What Could a Second iPhone Camera Mean?
For the circles of the tech community that trade in Apple rumors, patent applications, and speculation, the iPhone 6 and iPhone 6 Plus are old news. Observers and enthusiasts are already trying to figure out what Apple is planning for its next iPhone. If respected Apple commentator John Gruber is correct, the most important innovation of Apple’s next iPhone could be “the biggest camera jump ever.”
According to Apple Insider, Daring Fireball’s Gruber revealed in the latest episode of his podcast that a source reports Apple is working on a two-lens system for the next-generation iPhone. Gruber explained:
The specific thing I heard is that next year’s camera might be the biggest camera jump ever. I don’t even know what sense this makes, but I’ve heard that it’s some kind of weird two-lens system where the back camera uses two lenses and it somehow takes it up into DSLR quality imagery.
It sounds a little far-fetched to think that adding a second lens to the iPhone would enable it to suddenly generate DSLR-quality images. But Apple is serious about the quality of the iPhone’s camera, which Forbes notes is the world’s most popular camera, according to data from social networks and photo-sharing site Flickr. Though it stuck with an 8 megapixel camera in the iPhone 6, choosing not to engage in the megapixel wars begun by other smartphone makers, Apple added improved autofocus with focus pixels in the iPhone 6’s iSight camera and optical image stabilization in the iPhone 6 Plus.
It’s clear that Apple is committed to making continual improvements to the iPhone’s camera, even as it makes the phone itself consistently thinner. The new iPhone 6 is so thin, in fact, that the rim of the camera lens actually protrudes from the back of the phone. It’s unclear if Apple would be able to make room for a second lens in the back of its next iPhone.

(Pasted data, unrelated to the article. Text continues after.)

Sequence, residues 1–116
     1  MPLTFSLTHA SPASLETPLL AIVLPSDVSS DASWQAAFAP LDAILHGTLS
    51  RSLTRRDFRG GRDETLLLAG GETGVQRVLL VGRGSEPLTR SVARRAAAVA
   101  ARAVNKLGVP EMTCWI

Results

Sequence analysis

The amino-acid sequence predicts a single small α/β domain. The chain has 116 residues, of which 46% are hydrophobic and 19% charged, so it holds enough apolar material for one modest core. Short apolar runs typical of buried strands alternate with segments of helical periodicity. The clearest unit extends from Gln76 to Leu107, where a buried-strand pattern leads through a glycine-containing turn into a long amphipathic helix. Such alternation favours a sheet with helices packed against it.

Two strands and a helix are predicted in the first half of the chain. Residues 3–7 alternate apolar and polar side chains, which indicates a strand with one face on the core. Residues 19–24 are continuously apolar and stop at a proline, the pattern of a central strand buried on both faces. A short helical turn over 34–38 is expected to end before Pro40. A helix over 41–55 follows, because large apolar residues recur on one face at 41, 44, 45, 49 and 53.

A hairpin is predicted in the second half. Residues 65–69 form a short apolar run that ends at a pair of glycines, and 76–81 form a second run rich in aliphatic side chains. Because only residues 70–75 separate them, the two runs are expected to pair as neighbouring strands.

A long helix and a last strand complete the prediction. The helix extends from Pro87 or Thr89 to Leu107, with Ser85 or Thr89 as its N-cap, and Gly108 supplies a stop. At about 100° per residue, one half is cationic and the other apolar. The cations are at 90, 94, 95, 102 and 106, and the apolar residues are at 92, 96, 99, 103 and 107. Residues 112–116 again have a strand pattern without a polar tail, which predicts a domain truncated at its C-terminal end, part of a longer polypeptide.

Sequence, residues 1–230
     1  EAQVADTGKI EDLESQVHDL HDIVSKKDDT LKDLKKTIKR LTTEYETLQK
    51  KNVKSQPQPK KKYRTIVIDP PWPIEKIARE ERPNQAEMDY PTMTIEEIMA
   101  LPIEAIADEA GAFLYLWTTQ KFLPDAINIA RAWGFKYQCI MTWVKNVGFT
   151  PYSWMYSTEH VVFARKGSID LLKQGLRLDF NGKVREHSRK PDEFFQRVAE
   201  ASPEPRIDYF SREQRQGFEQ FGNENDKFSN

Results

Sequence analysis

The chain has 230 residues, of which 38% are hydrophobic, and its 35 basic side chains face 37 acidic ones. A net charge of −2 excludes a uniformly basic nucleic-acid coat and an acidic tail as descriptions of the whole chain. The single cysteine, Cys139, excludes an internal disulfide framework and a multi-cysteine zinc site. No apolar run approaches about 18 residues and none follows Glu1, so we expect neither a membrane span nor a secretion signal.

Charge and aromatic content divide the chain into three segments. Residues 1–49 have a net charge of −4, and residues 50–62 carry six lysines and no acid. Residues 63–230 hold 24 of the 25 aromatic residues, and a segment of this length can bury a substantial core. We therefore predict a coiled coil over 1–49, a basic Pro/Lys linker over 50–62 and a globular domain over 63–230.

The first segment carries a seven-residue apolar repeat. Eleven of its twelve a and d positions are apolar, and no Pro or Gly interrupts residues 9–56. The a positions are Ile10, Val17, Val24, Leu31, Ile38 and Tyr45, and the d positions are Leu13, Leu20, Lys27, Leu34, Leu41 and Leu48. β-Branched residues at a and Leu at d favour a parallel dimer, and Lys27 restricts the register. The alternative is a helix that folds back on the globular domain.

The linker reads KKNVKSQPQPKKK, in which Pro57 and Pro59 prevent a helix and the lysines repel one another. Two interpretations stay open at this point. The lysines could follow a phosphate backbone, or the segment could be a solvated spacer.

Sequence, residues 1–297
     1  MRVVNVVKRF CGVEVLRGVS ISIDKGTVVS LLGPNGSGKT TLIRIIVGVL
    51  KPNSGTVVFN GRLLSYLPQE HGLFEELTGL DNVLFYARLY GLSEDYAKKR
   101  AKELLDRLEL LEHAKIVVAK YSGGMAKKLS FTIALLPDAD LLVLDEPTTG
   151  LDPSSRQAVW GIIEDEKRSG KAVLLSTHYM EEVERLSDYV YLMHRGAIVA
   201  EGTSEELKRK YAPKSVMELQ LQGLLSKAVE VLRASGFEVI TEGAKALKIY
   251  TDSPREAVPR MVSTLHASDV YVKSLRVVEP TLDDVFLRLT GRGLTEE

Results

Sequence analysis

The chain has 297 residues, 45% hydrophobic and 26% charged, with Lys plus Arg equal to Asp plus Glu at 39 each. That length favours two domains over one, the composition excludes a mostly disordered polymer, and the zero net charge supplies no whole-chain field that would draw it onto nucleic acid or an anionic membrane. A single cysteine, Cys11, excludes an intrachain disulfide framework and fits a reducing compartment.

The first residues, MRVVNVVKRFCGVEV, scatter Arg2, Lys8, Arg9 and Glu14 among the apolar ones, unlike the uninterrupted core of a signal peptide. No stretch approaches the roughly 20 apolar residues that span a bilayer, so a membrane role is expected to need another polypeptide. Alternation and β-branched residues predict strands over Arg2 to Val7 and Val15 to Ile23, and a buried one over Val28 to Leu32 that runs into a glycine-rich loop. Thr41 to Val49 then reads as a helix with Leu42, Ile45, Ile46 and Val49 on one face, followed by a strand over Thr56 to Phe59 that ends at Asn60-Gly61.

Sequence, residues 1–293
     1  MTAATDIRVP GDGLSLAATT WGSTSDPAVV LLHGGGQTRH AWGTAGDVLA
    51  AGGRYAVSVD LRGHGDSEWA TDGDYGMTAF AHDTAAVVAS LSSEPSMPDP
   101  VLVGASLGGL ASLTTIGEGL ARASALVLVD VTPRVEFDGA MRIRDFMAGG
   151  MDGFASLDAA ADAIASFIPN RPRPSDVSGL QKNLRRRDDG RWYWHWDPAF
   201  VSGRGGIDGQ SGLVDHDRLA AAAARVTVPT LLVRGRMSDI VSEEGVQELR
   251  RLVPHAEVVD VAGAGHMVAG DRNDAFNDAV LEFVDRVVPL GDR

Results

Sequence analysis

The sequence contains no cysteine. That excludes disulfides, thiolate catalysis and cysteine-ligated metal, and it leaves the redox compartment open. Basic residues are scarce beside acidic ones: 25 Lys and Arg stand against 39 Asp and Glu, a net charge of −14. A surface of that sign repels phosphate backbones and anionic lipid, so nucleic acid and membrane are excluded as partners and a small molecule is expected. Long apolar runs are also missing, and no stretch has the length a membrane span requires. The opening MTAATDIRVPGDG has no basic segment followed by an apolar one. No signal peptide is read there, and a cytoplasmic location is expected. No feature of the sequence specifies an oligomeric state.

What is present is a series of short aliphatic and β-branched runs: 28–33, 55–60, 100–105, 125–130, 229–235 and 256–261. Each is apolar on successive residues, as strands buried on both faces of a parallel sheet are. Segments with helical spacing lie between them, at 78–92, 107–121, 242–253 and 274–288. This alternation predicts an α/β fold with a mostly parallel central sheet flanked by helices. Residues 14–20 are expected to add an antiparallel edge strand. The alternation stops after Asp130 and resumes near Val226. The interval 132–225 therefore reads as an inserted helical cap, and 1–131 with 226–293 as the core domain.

As Apple Insider points out, the idea of using multiple lenses in a smartphone is a relatively new concept. Corephotonics, a startup that Engadget reported in February, has been pitching the idea of dual lens cameras to smartphone makers, and has developed a system that uses two lenses of two different focal lengths. One is a wide-angle lens, while the other is set to 3X zoom. The pairing enables users to magnify subjects without resorting to digital zoom, and essentially negates the problem of the resolution drop that typically occurs with digital zoom. The two lenses, each with their own sensor, also deliver improved performance in low light.
In March, HTC unveiled the One M8 with a dual rear camera system. The One M8 combines a standard sensor with an “ultrapixel” sensor that lets in much more light, to improve image quality. The secondary lens provides information to the primary lens, and the system records information about the depth of objects along with the actual image, enabling users to select the background and foreground for editing or adjust focus after the photo is taken.
The latter capability is reminiscent of the “light field photography” cameras produced by Lytro. Lytro’s cameras enable users to refocus photos after they’re taken, change the perspective in a picture, and create interactive pictures that can be refocused and shared online. The company’s website notes that it is “transforming the camera into a powerful computational photography platform.”
Apple has amassed an array of camera-related patents of its own. They include patent number 8,593,564, for a “Digital camera including refocusable imaging mode adaptor,” which describes a plenoptic or light-field camera that uses a microlens array in the form of an adaptor, rather than as the fixed component that Lytro uses, to enable users to take a photo at a given resolution and refocus the image after the fact.